Risk and reward are inseparable aspects of trading stocks, but that doesn’t mean we throw risk management out the window. While many suggest that bigger rewards require bigger risks, don’t be fooled… they’re just setting up an excuse in advance for when they misapply the common risk management techniques they espouse. By the way, if you just skipped over those two highlighted articles, you may want to familiarize yourself with them before going on. They form the basis of our discussion today.

Risk Aversion to the Extreme

Stories of single stocks such as BP imploding due to a ecological disaster or Enron dissolving under corrupt executive or even Toyota halting production in several plants due to an earthquake leave some to wonder just how safe it is to invest in individual stocks. Due in part to this risk aversion, the Exchange Traded Fund has emerged in recent days with increasing vigour among average investors who want a little bit of a sector or commodity, without the risk of one individual stock.

Understandable! But, really, why stop there? Why not simply buy the index? In fact, many investors have decided to do just that… and they refer to it as “passive” investing. Using index tied instruments, they “buy-and-hold” often relying on the dividends to increase their net worth. The simple belief is risk over time is reduced. When you look at Gold over the past 10 years, you might find some reasonable evidence there for such a strategy. Yet, if you apply it to a blue chip like GE, you’ll find a different tale.

So, all investors (active or passive) are faced with the same challenge of choosing investments that will produce profits without maximizing their risk.


Principles of Risk and Reward

Invest in the Markets is about preserving capital, minimizing risk, and maximizing returns… a clear objective that emphasizes protection. But there’s no need to take risk aversion to the extreme. Instead, we simply need to follow some rather simple principles to help us remain disciplined and less emotionally driven. Here’s a few for your consideration:

Use Position Sizing – In the article “Applying Risk Management to Investing in the Stock Market” we addressed position size as it compares to overall portfolio size. What I didn’t share was the following two principles: First, I never invest more than 10% of my overall capital into any one position. Some would suggest this is way too high… and I won’t argue the point. After all, I think it is more of a personal preference than golden rule. The point is, you want to have some diversification in your portfolio, so limiting any one position to 10% of your portfolio forces the issue. Second, when the markets are in a downtrend, I cut my typical position in half for all new investments. In other words, if you normally in $10000 into a stock, reduce it to $5000. The only exception is inverse positions (ones that rise while the markets fall). This would be a great time to remain in a full position. Conversely, when the markets are in an uptrend, I place only full orders (except for the inverses, which would be half positions). A lot of attention is given to what to buy, and when to buy… now apply one more step, namely, how much to buy.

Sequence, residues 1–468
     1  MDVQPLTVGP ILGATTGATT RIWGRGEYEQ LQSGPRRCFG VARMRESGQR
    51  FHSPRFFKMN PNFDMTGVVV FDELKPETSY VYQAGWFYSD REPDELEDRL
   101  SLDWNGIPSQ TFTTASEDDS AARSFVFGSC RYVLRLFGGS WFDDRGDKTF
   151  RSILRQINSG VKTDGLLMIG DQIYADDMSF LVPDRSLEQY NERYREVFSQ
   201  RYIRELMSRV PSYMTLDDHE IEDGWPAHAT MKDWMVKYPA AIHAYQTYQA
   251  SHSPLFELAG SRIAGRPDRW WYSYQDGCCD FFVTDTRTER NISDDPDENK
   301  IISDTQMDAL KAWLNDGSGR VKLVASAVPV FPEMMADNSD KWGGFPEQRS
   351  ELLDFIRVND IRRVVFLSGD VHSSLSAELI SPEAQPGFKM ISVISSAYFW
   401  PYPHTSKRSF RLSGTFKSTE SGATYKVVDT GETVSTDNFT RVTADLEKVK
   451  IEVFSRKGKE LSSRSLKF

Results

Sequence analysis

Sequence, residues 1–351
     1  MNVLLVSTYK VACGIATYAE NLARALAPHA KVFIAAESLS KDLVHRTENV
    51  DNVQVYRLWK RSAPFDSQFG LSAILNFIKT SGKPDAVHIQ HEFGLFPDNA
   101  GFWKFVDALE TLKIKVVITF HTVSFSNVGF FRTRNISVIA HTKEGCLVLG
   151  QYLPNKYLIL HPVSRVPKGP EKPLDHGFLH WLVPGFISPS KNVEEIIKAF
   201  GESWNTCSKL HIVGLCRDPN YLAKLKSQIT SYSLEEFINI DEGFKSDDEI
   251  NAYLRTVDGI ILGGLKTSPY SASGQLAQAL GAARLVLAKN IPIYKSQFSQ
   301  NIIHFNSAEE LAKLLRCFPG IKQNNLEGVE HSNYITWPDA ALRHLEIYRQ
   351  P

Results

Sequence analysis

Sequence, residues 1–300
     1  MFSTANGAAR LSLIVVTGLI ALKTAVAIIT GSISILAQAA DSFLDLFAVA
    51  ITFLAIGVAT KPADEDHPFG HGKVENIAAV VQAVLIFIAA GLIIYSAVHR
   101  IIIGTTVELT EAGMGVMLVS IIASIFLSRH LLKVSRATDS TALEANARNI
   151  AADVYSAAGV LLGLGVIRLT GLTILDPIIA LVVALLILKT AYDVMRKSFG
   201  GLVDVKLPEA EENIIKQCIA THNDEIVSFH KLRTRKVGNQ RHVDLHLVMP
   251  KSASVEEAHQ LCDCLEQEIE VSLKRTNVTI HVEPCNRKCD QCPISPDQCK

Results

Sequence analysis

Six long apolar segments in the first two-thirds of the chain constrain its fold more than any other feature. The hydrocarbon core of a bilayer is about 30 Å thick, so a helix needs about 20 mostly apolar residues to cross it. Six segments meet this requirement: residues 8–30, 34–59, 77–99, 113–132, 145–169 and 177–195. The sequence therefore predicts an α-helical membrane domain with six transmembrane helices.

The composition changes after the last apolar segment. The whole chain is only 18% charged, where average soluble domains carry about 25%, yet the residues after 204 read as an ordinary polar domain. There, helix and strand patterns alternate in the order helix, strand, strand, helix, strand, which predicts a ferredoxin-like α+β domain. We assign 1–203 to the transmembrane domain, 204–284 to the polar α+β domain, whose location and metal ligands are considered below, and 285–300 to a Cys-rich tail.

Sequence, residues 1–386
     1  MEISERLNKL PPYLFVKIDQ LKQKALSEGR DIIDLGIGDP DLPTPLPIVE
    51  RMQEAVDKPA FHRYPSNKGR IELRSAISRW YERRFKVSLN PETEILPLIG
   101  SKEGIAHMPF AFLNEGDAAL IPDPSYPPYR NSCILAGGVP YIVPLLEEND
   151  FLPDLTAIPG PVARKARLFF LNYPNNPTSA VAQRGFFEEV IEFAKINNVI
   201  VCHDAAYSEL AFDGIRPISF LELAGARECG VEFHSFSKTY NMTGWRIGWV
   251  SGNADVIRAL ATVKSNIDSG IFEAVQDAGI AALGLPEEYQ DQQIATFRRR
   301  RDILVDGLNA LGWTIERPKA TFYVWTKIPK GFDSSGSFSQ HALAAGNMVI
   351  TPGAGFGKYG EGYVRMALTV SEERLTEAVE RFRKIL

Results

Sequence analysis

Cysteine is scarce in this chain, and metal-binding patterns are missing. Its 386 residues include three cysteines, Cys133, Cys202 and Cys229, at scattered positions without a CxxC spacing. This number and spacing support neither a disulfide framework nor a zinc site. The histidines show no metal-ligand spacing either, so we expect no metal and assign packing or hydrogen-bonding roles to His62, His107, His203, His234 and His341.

Never Chase – There are dozens of ways to say this… but let me show you a few. Buying on the dip when the stock is dropping (often under the guise of dollar-cost averaging) increases risk without reward. Also, chasing a stock (either up or down) once you’ve missed your entry point increases risk… especially if it’s a losing stock. If you find you’re missing stock opportunities, then reconsider the number of stocks you’re watching… it’s likely your watch list is too large for the time you can commit. Finally, buy the rise… it is one of the leading principles of Invest in the Markets.
Three Strikes, Opt Out – When you have three losing trades, step away and reevaluate. One of the most crippling things you can do to your investment portfolio is allow multiple trades to lose. Remember, it is far more difficult to recover lost money than make money from an even balance line. That’s why the first part of the motto is: “Protect capital.” If you don’t have a trading journal, this is a great time to start one. It’s time you record what you’re doing so you can have greater success with future trades.

Risk Management Free Webinar

I know it’s not just me… writing and reading about risk management is a challenge. So, I’ve decided to launch into the world of Webinars by hosting my first one on Risk Management on January 22nd, 6pm EST. I’ll be explaining a few ideas that can save you thousands of dollars as you learn to manage risk so we can maximize returns. Here’s a few ways to stay in touch with the sign-up details:

Follow me on Twitter (@DoctorStock).
Send me an email – I’ll notify you how you can sign up.
Subscribe to the Weekend Newsletter – You can try it completely risk free for 15 days.
Keep reading – I’ll be updating you in future articles.

Successful traders know how to manage risk… in fact, it is the most common theme among those who have “learned the hard way.” We all want the reward of profitable investing. The great news is you don’t have to take unnecessary risks to accomplish this objective. Risk and reward are inseparable aspects of trading stocks, so we simply need to learn how to manage risk to ensure our success as investors.